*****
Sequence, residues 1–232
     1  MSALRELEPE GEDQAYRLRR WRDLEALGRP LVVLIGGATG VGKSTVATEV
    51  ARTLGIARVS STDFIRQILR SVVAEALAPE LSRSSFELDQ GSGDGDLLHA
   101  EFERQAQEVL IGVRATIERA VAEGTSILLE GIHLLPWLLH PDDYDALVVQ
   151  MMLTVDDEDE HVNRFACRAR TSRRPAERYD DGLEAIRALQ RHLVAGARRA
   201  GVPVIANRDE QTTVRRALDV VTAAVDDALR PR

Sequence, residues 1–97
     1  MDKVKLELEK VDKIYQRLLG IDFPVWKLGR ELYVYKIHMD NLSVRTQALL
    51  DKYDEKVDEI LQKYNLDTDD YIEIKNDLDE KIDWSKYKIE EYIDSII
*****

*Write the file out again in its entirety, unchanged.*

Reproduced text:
Sequence, residues 1–232
     1  MSALRELEPE GEDQAYRLRR WRDLEALGRP LVVLIGGATG VGKSTVATEV
    51  ARTLGIARVS STDFIRQILR SVVAEALAPE LSRSSFELDQ GSGDGDLLHA
   101  EFERQAQEVL IGVRATIERA VAEGTSILLE GIHLLPWLLH PDDYDALVVQ
   151  MMLTVDDEDE HVNRFACRAR TSRRPAERYD DGLEAIRALQ RHLVAGARRA
   201  GVPVIANRDE QTTVRRALDV VTAAVDDALR PR

Sequence, residues 1–97
     1  MDKVKLELEK VDKIYQRLLG IDFPVWKLGR ELYVYKIHMD NLSVRTQALL
    51  DKYDEKVDEI LQKYNLDTDD YIEIKNDLDE KIDWSKYKIE EYIDSII